Longer Looks: Rethinking Involuntary Commitment; Awaiting A Transplant
Each week KHN staff find interesting reads from around the Web.
The Washington Post: Behind The Yellow Door, A Man’s Mental Illness Worsens
Everyone is worried about the man in the house. His ex-wife, his mother, his father, his neighbors, the psychiatrists he has seen and no longer sees, they are all concerned because he has been alone in the house in suburban Maryland for two years. ... Once, the man’s family might have handled the situation by having him involuntarily committed to a psychiatric institution. For decades, it was a routine and simple procedure: If a doctor agreed that the patient had a mental illness, he could be institutionalized even against his will. The problem was that it was a process with few safeguards, and during much of the 20th century, all kinds of people who didn’t belong — from free-thinking women to gay people, minorities and rebellious children — wound up locked in hospitals where abuse was common and conditions were often bleak. So the system changed .... But 40 years after that standard was established, some people are asking whether society’s concern for the constitutional rights of people with mental illness has led to their abandonment (Stephanie McCrummen, 6/28).
The Boston Globe: Learning The Difference Between Medicine And The Medical Industry
Last month, I was standing in an intensive care unit, wearing my white coat and trying to look like I knew what I was doing. My third year of medical school had just begun. It was my first day on a clinical rotation, my first time actually taking care of patients. My assigned team had started morning rounds, discussing the patients on the unit and making decisions about their care. While the dialogue bounced among residents, nurses, and attending physicians, I struggled to keep up with the conversation (Nathaniel P. Morris, 6/30).
The Cincinnati Enquirer: How An Organ Transplant Changed My Life
This is an organ transplant support group, and everybody here knows sickness intimately and speaks of it openly. They talk about constipation and catheters like most people talk about the weather. I look around to see if anyone else is about to hyperventilate. Two of us are waiting for transplants, and we say almost nothing. Everyone else has already received one, and they don't stop. I don't want to know about hard times and doubt. I have no interest in drug protocols and risk factors. I want to stop being a diabetic. I want to take control of my health. I want to grow old and read books and take walks with my wife. I want to see our little girl, Lucy, now 7, walk down the aisle. I want to be well. I have no interest in the truth (John Faherty, 6/29).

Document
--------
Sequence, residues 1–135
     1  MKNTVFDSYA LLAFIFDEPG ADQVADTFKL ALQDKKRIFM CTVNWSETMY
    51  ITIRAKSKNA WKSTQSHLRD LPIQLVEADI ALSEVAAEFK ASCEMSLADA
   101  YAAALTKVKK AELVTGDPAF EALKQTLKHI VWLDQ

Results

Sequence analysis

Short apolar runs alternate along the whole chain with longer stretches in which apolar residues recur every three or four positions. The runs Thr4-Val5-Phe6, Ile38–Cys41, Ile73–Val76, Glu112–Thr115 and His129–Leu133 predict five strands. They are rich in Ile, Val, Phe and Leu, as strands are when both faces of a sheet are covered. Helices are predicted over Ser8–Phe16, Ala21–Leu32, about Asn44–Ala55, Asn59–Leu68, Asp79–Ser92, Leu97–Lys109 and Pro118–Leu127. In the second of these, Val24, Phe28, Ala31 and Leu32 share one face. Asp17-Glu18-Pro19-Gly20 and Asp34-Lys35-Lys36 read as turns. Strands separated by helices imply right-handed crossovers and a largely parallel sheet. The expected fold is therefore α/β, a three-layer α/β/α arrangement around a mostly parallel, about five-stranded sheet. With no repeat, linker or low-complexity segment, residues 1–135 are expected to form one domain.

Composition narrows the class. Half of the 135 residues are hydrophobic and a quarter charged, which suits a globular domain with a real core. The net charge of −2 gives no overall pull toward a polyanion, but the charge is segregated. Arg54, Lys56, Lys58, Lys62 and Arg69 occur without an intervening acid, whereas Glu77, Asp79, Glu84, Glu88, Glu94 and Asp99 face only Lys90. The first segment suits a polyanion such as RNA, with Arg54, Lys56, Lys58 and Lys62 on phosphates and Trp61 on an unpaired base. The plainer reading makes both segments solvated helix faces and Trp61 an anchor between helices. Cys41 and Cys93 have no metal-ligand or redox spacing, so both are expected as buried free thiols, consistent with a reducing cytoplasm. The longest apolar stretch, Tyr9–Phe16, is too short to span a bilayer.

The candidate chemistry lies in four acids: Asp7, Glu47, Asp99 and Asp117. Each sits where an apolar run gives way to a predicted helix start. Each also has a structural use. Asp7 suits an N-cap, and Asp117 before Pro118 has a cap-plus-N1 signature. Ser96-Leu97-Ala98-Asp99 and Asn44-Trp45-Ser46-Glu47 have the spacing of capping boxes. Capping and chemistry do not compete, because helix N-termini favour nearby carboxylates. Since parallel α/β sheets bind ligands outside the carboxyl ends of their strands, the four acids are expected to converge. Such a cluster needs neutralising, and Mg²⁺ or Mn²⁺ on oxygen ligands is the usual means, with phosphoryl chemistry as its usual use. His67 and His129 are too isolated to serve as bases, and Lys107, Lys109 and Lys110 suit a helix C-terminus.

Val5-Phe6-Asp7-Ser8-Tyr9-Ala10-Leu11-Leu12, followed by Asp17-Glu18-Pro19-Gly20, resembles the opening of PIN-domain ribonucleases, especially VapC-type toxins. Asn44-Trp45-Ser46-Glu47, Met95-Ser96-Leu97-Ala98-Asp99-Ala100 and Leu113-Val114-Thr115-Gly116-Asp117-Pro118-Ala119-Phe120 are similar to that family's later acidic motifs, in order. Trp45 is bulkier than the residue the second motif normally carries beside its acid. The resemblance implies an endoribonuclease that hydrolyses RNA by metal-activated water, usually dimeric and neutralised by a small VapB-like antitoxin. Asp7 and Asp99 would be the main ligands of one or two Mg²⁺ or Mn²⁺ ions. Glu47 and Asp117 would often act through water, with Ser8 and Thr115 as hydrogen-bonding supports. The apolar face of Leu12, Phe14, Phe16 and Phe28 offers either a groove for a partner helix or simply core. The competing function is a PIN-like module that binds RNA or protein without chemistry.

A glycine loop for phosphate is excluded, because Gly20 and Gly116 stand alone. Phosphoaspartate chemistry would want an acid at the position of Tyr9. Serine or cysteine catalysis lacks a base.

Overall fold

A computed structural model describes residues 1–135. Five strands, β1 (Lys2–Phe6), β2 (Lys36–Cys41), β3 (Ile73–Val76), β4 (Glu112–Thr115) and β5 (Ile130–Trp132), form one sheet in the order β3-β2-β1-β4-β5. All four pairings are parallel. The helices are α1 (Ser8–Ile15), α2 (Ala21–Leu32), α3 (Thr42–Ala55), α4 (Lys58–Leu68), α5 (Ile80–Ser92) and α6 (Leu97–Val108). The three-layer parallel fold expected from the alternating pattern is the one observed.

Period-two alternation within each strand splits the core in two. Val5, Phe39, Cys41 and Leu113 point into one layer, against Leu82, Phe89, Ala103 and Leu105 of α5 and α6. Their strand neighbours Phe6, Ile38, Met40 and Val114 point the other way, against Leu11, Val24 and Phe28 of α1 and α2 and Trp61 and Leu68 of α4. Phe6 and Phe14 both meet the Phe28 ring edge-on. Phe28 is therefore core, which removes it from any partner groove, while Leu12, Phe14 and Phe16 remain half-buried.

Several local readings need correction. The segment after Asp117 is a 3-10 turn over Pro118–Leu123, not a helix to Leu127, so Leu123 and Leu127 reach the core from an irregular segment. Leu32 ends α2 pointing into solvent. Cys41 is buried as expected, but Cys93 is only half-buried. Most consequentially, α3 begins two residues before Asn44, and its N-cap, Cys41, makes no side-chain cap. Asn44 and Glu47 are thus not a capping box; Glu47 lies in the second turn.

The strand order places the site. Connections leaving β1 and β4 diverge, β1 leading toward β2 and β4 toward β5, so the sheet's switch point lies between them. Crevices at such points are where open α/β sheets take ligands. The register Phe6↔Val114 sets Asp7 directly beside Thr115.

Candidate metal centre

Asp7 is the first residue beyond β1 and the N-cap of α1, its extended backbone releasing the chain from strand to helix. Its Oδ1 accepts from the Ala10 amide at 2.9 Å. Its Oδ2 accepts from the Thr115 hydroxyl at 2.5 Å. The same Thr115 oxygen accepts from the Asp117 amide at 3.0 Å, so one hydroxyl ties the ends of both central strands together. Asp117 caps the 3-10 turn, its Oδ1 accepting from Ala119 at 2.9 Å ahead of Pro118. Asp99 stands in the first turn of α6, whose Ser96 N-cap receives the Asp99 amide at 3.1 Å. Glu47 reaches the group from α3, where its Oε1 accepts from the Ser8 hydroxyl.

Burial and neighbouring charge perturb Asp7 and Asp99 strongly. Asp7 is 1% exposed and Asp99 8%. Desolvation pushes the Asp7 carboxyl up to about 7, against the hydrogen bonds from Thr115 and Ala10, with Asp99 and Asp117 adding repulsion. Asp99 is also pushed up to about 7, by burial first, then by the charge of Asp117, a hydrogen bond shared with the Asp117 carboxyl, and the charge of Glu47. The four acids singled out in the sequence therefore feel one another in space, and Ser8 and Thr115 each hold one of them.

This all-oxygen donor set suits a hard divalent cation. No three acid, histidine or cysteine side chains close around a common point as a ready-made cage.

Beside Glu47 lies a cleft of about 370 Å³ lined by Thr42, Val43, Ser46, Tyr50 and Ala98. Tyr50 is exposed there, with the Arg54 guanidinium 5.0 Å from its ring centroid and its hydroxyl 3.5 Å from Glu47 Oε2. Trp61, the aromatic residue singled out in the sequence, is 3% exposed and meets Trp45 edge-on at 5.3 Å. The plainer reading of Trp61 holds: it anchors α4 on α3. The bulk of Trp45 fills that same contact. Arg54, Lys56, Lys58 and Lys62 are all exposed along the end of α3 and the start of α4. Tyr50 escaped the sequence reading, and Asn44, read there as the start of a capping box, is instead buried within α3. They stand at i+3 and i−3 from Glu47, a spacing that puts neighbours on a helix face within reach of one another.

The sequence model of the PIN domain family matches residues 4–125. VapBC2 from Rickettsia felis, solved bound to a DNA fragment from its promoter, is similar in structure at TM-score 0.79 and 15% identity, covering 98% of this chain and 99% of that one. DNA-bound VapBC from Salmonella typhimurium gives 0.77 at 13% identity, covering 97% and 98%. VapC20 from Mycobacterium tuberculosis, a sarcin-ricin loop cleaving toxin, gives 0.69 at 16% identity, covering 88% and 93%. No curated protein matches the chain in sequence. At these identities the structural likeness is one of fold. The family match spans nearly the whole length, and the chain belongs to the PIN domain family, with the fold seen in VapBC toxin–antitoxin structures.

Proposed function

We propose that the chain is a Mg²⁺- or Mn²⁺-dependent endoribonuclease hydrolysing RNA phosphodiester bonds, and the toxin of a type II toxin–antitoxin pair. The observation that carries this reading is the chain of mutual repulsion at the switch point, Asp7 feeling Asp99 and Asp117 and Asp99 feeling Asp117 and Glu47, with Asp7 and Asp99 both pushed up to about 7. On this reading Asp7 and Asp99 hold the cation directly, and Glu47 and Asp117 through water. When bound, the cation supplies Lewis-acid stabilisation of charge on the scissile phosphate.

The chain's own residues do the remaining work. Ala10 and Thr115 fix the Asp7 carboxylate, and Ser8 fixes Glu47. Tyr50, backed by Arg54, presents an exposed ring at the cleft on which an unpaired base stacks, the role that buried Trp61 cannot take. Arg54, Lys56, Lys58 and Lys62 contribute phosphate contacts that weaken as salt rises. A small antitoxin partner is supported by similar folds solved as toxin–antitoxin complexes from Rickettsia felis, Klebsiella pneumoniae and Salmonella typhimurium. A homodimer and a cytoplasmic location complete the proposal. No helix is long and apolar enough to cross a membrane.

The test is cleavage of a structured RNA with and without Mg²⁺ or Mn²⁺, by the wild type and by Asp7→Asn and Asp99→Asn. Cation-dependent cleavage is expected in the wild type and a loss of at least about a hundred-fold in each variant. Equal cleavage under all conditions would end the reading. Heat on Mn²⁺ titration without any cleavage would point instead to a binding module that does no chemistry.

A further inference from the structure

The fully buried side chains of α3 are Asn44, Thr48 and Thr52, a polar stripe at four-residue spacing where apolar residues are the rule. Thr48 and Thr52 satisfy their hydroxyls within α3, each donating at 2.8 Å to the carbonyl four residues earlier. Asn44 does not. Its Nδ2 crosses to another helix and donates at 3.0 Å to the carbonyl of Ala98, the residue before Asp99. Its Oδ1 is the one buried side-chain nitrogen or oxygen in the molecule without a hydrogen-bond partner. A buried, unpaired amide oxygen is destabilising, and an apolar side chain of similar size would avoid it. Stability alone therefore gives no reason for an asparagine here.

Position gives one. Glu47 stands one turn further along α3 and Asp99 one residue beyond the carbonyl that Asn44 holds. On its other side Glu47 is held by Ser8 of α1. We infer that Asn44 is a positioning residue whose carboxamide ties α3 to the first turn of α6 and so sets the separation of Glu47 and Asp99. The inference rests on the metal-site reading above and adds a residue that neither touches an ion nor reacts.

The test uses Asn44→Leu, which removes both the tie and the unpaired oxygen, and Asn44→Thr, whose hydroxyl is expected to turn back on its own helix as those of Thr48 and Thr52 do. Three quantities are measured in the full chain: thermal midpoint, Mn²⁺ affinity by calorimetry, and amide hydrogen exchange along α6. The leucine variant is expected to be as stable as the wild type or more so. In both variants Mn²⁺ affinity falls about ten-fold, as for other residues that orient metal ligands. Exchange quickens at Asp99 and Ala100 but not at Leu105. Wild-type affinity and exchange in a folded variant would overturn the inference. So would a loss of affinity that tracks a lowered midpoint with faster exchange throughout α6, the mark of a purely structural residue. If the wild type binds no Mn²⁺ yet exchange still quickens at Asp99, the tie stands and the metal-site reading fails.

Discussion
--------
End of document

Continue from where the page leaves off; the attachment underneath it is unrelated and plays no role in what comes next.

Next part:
The New York Times: I Couldn't Turn My Abortion Into Art
Yet as I looked around the room, my expectations began to shift. This wasn’t the liberating environment I’d expected to enter. The uncomplicated message of those protests led me to think that legal abortion would be light. Lite. I wasn’t prepared for the saturnine cloudiness of the room, all those sad-looking women burying their faces in tabloid magazines. ... Fifteen years later, happily coupled with a wonderful man, I gave birth to my first daughter; I now have two. I don't wish I had a 20-year-old. I didn’t want that baby, with that man. Abortion rights, yes, I’ll always support them, but even all these years later, I wish the motto wasn't "Never again," but "Avoid this if there’s any way you possibly can, even if it’s legal, because it’s awful." I wish that someone had alerted me to the harshness of the experience, acknowledged the layers of regret that built and fell away as the months and years passed. I want my daughters to have the option of safe and legal abortion, of course. I just don’t want them to have to use it (Lisa Selin Davis, 7/2).
The Wall Street Journal: Gary Mendell Is New Voice In The Fight Against Addiction
Mr. Mendell says, Brian is the only thing that matters. His son's drug addiction and ultimate suicide in October 2011 at the age of 25—after a year of sobriety—set Mr. Mendell on a new path. In 2012, he left his career to dedicate himself full-time to the launch of a organization called Shatterproof, which he hopes will become the first national umbrella group dedicated to addiction—a goal that has ruffled a few feathers among existing nonprofits. Mr. Mendell put in $5 million of his own money to start the group, and has raised another $3 million (Melanie West, 6/27).
WBUR: For Rwandan Man In Boston, New Arms Replace Those A Father Destroyed
At United Prosthetics in Dorchester, Greig Martino, grandson of the company’s founder, pounds the final rivet into a new right forearm for Patrick as he waits downstairs. The prosthetic is a brown tube that ends in tong-like, curved hooks. "Ooo," Patrick says after sliding the soft flesh below his elbow into the socket. He stretches the arm out several times before raising it toward his face. "Now I can scratch. This is incredibly amazing." ... The arms will change his life, Patrick says, although he’s surprisingly adept without them (Martha Bebinger, 6/30).
PBS NewsHour: Pediatric Cancer Survivors Face Lifetime Of Health Challenges
Thanks to better treatments, more people are surviving cancer. But those treatments come with a downside: Survivors, especially those who got sick as children, are at greater risk for other significant health issues later. The NewsHour's Cat Wise profiles a clinic at the University of California, San Francisco that specializes in caring for survivors of pediatric cancer and studying their long-term health (Wise, 6/30).